I keep on circling around thoughts about how not to be manipulative, how to respect your audience, and I end up not writing them down because, well – obviously, right? It seems obvious to say you should respect your audience, but in practice it’s often quite difficult – not because we’re inherently driven to be contemptuous of those who enjoy our work (though this is a problem for some creators), but because respecting an audience as an equal means striving beyond yourself, creating something beyond what you now know.

Now: I should clarify that I don’t mean that all creations made from the perspective of superior knowledge are contemptuous, or even without artistic merit. Sometimes we need to teach others skills and perspectives that they don’t have, and they come to us specifically because we are more learned or experienced in a particular topic. This is the foundation of all education. And, in the course of passing on this knowledge, it’s only natural to try to embrace the craft and aesthetic of art. Nevertheless, didacticism itself has little place within arts and entertainment, and art that sets out to be both fun and educational more often than not fails to be either; however, art that sets out to build entertainment on the basis of knowledge is often extraordinarily successful, whether it be the programming games of Zachtronics or the lurid history-inspired fantasy of George RR Martin.

In respecting your audience, you regard them as equal to yourselves; and, to provide someone who is equal to yourself with an experience that seems novel, you must exceed yourself, exceed the creativity that is familiar, and open yourself up to experiencing your art as your own audience, your first test audience of one. The tricky part about respect is that it’s not a coat of paint you can apply to a complete work, not a lacquer or a finish, but something that shapes from the ground up. If you want to respect the people who consume your work, you will have to respect yourself, to believe that you have hidden depths to be plumbed, because otherwise everything will be self-evident, obvious, cliche.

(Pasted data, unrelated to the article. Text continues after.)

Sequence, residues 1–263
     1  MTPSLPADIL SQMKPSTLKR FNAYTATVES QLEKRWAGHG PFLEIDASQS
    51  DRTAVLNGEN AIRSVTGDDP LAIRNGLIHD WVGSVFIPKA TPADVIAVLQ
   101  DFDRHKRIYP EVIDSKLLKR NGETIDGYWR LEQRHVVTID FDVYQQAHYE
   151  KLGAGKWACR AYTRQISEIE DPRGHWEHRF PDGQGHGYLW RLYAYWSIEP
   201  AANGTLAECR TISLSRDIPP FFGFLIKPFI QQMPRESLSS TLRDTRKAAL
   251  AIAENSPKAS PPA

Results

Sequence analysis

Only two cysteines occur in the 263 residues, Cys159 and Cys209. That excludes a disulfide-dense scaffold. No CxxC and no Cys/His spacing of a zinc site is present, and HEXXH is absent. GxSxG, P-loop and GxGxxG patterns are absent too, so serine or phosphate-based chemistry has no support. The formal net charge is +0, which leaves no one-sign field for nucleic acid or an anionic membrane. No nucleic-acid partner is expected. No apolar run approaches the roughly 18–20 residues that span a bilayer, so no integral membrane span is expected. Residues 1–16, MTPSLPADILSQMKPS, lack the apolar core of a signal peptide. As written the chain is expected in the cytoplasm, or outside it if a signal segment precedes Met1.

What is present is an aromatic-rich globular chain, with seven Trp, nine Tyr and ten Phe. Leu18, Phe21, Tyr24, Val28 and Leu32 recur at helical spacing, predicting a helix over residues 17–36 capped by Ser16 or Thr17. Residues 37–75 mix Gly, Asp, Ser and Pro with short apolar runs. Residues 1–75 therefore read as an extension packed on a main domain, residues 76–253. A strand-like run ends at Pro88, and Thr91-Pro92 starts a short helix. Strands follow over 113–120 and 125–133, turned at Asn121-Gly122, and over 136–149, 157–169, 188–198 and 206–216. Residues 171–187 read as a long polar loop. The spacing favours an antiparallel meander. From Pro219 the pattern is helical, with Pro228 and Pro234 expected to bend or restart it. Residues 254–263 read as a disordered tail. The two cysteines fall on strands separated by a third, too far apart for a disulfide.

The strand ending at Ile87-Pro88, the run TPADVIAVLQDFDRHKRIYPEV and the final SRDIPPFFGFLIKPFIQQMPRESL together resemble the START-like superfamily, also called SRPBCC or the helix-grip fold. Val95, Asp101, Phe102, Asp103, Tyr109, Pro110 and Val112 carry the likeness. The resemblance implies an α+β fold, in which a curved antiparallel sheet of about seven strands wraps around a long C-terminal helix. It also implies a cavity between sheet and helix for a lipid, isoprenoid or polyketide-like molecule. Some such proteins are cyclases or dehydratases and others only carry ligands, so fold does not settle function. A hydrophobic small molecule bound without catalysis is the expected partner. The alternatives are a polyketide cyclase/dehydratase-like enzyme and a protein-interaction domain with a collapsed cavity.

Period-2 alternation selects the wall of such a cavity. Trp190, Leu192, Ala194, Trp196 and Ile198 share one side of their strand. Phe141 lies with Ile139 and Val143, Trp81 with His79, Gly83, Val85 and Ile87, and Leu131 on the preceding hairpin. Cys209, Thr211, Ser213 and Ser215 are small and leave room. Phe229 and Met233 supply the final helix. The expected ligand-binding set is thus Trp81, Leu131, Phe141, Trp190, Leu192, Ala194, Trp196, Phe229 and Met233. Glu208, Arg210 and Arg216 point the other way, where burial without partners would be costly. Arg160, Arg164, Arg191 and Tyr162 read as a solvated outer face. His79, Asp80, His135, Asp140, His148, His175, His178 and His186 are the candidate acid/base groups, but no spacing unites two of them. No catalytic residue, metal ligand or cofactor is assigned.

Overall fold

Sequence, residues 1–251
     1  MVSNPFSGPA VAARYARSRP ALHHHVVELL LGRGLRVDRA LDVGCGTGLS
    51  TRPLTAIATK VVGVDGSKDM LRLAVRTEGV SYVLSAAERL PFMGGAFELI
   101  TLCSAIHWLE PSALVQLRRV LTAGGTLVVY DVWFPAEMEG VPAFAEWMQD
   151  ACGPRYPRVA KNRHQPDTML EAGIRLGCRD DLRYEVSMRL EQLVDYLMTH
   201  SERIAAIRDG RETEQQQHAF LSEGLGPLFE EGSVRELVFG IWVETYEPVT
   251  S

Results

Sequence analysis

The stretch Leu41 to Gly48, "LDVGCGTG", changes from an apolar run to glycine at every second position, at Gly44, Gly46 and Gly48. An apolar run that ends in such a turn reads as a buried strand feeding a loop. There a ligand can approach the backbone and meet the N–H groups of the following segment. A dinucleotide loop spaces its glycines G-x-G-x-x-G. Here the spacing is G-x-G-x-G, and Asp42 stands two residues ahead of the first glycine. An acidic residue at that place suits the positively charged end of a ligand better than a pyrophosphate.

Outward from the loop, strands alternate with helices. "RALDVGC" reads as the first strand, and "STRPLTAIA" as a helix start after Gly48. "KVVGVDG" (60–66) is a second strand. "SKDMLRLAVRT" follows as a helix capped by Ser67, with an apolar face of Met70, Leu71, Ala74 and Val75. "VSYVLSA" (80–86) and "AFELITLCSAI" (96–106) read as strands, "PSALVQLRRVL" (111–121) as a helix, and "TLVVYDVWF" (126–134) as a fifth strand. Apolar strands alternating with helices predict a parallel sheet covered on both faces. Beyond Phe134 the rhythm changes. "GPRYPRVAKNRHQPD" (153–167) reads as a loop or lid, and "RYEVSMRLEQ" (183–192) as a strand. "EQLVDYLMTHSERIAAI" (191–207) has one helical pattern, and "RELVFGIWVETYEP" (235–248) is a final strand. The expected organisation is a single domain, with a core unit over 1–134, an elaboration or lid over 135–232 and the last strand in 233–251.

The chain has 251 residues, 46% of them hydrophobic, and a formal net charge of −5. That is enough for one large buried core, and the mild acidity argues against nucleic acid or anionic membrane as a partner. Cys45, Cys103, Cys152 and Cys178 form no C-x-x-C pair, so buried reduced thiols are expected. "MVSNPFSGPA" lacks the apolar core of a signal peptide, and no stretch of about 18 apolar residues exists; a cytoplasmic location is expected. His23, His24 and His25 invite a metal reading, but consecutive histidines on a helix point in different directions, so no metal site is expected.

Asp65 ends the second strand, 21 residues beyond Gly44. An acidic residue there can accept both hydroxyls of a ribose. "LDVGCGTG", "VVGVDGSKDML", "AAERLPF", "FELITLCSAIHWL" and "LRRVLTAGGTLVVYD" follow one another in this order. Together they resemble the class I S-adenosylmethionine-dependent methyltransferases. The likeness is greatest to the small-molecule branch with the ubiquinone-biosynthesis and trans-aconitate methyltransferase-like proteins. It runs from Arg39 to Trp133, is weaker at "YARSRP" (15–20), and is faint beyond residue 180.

The art of creation is that of drawing out. We cannot, with pure intent, create the whole work; what comes feels trivial and contrived. We can create the first string, hooked into place, and then pull on that string gently and persistently until the tapestry emerges. This metaphor is useful, but is also limited because that makes it sound like what we then create isn’t really our creation, is actually some kind of divine inspiration. Really, our intent permeates, each aspect of the creation a decision made. We are neither quite an architect nor quite a prophet: We draw out, but we build; we plan, yet we intuit; we surprise, we are surprised; we are the artist, we are the audience. We must be both. It is craven for the artist to hold their self apart, to try to create something enumerable. We should be trying to create something that can never quite be described except as itself.

If we do our jobs right, we make the rock that’s too heavy for even us to lift.


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